Brian Monteith: Football drinking trial win-win

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It was a one-off some 20 years ago. I was an overnight sensation in football management but, sadly, it will never happen again.

I was participating in one of those fantasy football leagues that were all the craze in the 1990s and, lo and behold, I opened the pages of a national UK broadsheet and I had won manager of the week. Yah beauty!

I couldn’t believe it but my outfit, given the moniker Willowbrae Wanderers, had climbed the most places after a terrific performance by Gary McAllister who had bagged a hat-trick for Leeds United. Some of my other players had stepped up to the plate and done well too and suddenly I had won two tickets to an English Premiership match, subject to availability.

Unfortunately, life is never that simple and as I had twin seven-year-old boys I really needed four tickets as it would have to be a family outing to England. I support Chelsea, my sons supported Arsenal and Manchester United at the time, so I asked for tickets for any of those teams playing a match in the north, preferably against Newcastle. With attendances at such English Premiership matches being what they are, these were apparently outrageous demands and I had to lower my expectations.

In the end, nearly a year later, we were on our way to watch Nottingham Forest versus Tottenham Hotspur (fitting a visit to Alton Towers into the bargain). It was a great trip, full of memorable family incident; an Ian Woan winning goal, a spin on the teacups, and a ride on the runaway mine train.

I still remember it well but one of the things I noticed at the match itself and always recall is how inside Forest’s City Ground the punters were supping ales and lagers. That’s right, for those readers of mild disposition, adults were drinking beer at a football match without resorting to fighting, vandalism and other antisocial behaviour.

Being super-cold keg beer it was rather insipid, but I suppose expecting crafted real ale at a stadium only open once a fortnight is asking too much (in such circumstances I would opt for the Guinness). The point is though, for the vast majority of the drinkers that was exactly what they would have been drinking in the working men’s clubs, local pubs, in the railway station bars and car parks from their tins on the way to a match – if they could not get beer inside a ground.

The truth that all regular football attendees know is that having a pint before and after a match is a part of the ritual for many of the young males that make up the majority of spectators. If they cannot get drink inside a ground – and it is banned at all Scottish senior football matches – then they are likely to binge by downing a handful of pints before the game, what is accurately called “getting tanked up”.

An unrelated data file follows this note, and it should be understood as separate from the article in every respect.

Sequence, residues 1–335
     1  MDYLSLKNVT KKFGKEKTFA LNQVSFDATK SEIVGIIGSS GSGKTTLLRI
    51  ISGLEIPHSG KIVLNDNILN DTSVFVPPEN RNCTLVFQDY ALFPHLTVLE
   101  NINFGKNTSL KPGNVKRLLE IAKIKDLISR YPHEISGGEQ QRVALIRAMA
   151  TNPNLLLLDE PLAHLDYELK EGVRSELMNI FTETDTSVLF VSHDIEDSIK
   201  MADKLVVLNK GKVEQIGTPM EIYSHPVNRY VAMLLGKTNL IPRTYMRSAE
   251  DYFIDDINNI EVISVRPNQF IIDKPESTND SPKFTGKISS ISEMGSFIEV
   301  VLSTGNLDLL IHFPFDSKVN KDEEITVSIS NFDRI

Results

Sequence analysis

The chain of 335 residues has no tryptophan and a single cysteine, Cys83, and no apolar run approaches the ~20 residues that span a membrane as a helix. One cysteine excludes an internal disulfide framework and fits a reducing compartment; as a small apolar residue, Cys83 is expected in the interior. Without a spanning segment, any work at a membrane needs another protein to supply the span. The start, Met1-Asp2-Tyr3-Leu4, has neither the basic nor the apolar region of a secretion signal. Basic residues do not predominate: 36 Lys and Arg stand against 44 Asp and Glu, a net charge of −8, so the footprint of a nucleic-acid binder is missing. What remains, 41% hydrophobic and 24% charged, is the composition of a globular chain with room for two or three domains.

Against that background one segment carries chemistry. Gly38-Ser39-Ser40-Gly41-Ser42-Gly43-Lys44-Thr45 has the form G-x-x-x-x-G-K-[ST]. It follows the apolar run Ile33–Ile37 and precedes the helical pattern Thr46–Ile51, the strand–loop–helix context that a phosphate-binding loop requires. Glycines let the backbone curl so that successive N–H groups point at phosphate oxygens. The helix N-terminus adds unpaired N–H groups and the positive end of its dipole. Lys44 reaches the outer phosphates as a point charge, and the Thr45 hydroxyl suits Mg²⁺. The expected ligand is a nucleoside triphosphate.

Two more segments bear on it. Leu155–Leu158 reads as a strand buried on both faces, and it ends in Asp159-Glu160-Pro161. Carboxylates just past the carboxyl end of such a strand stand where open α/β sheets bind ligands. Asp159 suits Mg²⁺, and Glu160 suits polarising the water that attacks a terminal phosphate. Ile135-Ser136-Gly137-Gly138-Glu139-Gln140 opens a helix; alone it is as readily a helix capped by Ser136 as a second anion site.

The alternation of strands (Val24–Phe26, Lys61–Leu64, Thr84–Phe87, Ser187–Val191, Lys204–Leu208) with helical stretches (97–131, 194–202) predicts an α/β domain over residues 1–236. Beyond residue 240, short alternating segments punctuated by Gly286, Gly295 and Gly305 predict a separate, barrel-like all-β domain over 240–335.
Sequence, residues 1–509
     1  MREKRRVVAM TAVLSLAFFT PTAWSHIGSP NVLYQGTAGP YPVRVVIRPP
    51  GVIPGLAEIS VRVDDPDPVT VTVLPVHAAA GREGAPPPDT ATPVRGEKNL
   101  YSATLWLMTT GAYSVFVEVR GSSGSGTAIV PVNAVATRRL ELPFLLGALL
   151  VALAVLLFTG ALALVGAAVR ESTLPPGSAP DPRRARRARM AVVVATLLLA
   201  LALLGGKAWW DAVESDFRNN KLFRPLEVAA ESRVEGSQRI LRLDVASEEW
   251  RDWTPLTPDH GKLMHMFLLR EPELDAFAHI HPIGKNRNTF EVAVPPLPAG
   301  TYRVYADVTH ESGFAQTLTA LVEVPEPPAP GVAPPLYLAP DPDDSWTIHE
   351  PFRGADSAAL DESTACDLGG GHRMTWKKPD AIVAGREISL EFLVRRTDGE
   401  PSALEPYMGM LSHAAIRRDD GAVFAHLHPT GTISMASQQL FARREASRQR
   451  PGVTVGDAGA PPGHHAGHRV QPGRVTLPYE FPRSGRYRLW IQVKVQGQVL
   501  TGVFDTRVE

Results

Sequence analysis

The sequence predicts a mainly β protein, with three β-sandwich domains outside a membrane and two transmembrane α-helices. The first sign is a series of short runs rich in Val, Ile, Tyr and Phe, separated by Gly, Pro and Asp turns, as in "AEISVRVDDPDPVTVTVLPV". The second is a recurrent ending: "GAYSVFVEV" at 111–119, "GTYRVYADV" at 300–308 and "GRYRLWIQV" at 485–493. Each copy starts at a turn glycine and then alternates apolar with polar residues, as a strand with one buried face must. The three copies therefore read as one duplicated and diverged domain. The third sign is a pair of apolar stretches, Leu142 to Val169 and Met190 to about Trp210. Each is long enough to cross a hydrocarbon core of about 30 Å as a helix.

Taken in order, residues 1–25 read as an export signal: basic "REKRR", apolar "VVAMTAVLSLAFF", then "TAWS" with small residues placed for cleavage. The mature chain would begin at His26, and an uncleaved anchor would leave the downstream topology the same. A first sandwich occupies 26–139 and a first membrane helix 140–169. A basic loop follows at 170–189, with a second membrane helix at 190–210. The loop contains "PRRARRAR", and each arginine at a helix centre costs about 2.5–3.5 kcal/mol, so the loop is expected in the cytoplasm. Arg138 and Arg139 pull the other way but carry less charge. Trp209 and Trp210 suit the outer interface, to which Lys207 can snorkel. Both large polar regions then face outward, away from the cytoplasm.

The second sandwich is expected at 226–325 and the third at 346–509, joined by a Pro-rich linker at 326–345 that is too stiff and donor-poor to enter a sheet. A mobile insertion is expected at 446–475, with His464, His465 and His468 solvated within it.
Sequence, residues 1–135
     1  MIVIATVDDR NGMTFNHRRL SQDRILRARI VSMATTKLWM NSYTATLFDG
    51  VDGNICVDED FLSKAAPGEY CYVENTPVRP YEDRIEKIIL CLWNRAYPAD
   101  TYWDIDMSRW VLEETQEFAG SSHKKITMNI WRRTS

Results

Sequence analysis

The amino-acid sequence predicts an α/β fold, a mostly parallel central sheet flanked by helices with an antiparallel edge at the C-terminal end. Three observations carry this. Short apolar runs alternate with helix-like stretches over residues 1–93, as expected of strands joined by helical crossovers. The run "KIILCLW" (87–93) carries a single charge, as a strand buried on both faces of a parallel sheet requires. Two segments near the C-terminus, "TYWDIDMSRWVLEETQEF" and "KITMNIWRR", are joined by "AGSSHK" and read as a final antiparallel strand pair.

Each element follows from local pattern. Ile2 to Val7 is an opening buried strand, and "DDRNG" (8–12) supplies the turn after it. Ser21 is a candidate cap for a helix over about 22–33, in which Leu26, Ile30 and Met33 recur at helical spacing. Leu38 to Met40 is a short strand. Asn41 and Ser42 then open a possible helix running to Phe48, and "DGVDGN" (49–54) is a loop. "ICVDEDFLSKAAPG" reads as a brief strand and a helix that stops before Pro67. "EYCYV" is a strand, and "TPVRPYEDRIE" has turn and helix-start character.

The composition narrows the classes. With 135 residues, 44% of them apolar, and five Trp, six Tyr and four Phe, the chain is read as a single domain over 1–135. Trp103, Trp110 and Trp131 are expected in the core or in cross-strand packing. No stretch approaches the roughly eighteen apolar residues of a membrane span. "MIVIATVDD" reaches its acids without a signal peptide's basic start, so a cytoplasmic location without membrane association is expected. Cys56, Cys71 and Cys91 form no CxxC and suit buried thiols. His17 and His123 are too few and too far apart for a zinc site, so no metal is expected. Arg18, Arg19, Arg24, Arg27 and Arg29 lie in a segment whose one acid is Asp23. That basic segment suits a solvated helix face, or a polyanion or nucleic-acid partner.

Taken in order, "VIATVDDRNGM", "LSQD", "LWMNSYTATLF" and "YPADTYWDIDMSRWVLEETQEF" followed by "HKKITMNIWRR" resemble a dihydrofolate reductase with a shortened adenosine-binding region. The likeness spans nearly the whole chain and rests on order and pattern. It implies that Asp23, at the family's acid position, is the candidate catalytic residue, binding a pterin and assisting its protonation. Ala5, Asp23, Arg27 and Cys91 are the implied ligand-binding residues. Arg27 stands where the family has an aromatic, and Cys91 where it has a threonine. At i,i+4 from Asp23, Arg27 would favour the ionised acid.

Having rushed their intake and then hit the fresh air on the walk to the stadium they are more of a handful for the local constabulary than if they can meet their mates in a pub for a swift one and then go to the game where they can drink at a more leisurely pace. This is why English police forces support the availability of beer in football stadia.

The slower pace of consumption reduces drinkers’ aggression and also means they are more likely to avail themselves of the stadium facilities than the nearest close or bus shelter. It’s a good thing all round.

Once he got to the Scottish Parliament, David McLetchie took up the cause of allowing Scottish football supporters the same respect and dignity that they were being allowed in England. He made it party policy that the licensing laws should be changed, so I smile when I read that teetotaller Jim Murphy thinks it’s time for change now.

I looked up one of the debates we had about football back in 2004 and found Kenny MacAskill condemning the Tories for suggesting both that alcohol be allowed at all-seater football stadia and the SFA consider the revival of the Home Nations Championships. Labour’s free-spirited Susan Deacon was the only member from another party to support the idea back then.

There was, of course, good reason for Malcolm Rifkind to bring in the ban on alcohol some 35 years ago – I remember how supporters used to lob beer cans at each other (sometimes filled with a similar alternative) and violence was a real problem at matches – but football has changed significantly since then. Not least has been the introduction of all-seated stadia and the encouragement of family sections.

People have recently seen on television how followers of rugby are able to enjoy a beer in Scotland as they watch their sport, but what they are less aware of is how it happens at English football. There’s a strong case for a trial and, if successful, only allowing police to object to particular matches where they believe there could be a problem.

Scotland and England now play each other again. Funny how things come full circle. McLetchie was right about alcohol then and his idea is still right now.